Montana Law Enforcement Fighting Drug Overdoses
Law enforcement seems to be trying almost anything to combat the growing drug problem. More and more people are getting addicted to heroin, and more and more people are dying of overdoses. What if someone dies because you gave or sold them the drugs? Maybe prosecuting those people will make drug dealers and friends more careful about distributing drugs.
Montana Attorney General Tim Fox has joined with the National Attorneys General Training and Research Institute (NAGTRI), trying to train law enforcement officers and prosecutors on how to best build a strong investigation. With a strong investigations of overdoses deaths, juries will convict people who gave the addict the drugs.
“The enforcement of laws related to substance abuse is a large and growing component of the work done by Montana’s law enforcement agencies and courts,” Attorney General Tim Fox said. “We were pleased to partner with NAGTRI to develop this training as part of our Aid Montana initiative as just one of the ways we can tackle our substance abuse epidemic head on. This course offered a good opportunity for law enforcement officers and prosecutors to train alongside one another to develop strategies on how to best approach cases that result from overdose deaths.”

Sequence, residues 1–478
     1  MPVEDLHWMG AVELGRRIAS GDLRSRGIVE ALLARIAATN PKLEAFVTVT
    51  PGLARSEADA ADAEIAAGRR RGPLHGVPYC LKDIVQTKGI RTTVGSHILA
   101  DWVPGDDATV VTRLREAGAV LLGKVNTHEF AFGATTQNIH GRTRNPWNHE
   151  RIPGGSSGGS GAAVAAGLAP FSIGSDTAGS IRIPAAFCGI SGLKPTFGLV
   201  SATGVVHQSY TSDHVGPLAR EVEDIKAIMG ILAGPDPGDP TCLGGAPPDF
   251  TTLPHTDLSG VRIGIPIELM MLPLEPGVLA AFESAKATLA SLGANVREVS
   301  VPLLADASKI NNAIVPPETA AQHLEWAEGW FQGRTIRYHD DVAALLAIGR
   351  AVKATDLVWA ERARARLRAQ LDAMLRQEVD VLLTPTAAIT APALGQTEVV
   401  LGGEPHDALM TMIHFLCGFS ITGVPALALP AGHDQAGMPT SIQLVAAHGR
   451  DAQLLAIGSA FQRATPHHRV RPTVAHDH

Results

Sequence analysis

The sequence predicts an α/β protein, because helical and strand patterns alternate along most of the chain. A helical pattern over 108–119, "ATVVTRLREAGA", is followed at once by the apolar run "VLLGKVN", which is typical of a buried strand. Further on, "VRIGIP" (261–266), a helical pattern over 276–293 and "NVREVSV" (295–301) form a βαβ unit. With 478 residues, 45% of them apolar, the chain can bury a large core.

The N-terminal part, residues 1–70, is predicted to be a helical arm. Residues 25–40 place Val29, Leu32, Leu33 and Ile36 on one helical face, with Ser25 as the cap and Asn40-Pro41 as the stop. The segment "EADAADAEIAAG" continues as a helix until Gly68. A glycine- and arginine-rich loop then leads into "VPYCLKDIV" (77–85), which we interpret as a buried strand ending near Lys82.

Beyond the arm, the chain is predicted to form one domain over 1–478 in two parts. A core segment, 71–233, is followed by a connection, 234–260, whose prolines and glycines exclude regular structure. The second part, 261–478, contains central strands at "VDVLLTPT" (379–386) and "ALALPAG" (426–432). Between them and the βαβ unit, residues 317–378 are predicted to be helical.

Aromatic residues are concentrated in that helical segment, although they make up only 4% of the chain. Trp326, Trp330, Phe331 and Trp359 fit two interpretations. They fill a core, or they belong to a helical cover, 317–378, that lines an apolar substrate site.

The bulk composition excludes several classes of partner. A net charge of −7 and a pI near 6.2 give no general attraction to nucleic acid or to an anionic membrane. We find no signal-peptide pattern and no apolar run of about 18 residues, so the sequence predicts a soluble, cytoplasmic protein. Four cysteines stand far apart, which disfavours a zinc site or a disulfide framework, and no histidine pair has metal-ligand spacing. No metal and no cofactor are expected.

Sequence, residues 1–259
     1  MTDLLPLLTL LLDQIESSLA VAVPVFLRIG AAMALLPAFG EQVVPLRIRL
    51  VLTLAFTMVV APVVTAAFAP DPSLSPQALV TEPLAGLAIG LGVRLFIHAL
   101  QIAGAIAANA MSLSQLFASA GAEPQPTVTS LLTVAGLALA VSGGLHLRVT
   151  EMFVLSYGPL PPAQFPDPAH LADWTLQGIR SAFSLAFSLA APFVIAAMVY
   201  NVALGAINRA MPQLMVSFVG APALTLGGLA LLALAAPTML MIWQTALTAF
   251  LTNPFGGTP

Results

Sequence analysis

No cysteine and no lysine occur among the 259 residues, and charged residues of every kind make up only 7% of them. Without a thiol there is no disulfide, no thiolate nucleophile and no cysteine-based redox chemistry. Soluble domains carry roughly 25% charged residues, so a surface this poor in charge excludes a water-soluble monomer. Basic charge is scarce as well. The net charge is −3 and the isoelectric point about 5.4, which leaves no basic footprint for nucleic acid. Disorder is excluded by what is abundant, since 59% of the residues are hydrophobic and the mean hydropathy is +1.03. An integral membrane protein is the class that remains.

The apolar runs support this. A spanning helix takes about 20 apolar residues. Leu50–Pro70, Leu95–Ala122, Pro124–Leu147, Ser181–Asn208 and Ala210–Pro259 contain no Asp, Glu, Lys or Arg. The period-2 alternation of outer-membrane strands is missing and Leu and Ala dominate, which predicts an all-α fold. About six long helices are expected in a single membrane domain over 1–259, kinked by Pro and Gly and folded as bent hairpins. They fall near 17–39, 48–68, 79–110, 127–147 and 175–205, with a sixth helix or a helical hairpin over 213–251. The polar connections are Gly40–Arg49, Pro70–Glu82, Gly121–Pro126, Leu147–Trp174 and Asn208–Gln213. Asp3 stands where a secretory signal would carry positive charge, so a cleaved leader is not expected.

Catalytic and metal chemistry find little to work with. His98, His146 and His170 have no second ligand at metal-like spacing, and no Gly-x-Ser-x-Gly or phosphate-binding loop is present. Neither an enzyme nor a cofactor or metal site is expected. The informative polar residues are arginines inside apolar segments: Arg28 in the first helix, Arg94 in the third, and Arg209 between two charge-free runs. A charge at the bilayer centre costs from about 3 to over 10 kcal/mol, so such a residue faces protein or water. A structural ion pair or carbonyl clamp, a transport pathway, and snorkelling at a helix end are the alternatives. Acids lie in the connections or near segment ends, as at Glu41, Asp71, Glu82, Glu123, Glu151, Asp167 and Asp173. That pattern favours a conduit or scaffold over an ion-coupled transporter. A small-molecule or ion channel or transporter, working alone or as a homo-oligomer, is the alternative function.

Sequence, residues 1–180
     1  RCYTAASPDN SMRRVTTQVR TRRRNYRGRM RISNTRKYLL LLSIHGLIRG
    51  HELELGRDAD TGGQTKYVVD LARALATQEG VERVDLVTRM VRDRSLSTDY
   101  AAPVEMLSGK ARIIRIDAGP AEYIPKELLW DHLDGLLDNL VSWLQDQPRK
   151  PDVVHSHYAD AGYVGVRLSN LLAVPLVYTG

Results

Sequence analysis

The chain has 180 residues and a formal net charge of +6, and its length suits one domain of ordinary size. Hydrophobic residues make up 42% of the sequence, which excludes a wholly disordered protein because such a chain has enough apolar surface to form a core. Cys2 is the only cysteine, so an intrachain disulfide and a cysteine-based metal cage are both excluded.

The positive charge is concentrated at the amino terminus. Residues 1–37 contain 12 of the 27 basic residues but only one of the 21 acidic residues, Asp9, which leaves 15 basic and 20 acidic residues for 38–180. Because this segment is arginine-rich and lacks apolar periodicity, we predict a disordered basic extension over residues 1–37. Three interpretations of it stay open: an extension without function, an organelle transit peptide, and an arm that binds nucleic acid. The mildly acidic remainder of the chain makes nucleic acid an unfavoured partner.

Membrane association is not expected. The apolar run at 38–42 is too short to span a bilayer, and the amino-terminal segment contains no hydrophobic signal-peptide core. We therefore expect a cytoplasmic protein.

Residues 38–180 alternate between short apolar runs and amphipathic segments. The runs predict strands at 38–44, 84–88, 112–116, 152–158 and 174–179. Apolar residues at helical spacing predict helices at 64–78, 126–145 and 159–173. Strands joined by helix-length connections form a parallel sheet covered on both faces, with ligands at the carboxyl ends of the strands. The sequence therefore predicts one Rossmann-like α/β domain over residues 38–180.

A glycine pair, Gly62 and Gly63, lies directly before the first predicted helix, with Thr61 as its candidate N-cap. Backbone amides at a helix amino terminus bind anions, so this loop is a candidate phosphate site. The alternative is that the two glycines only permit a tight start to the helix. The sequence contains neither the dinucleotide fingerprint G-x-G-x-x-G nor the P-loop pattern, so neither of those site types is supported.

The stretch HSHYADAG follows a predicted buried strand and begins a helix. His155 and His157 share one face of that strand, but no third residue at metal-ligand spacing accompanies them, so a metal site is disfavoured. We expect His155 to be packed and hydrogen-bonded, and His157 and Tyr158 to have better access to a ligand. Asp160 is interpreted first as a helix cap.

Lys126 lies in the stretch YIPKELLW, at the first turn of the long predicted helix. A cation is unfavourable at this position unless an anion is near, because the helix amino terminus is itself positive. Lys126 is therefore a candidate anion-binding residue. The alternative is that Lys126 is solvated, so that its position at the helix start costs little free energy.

NAGTRI is a branch of the National Association of Attorneys General (NAAG). Its mission is to provide high-quality, responsive, innovative training to state and territorial attorney general offices.
“Montana was the second stop for this statewide training centered around methamphetamine, heroin, and fentanyl overdose deaths that NAGTRI is offering across the country,” said Chris Toth, NAAG Deputy Executive Director and NAGTRI Director. “This course is designed to help states in the investigation and prosecution of overdose deaths and serves as one more resource to help them keep their communities safe and save lives.”
The training was attended by prosecutors from several Montana County Attorney Offices and law enforcement officers from across the state.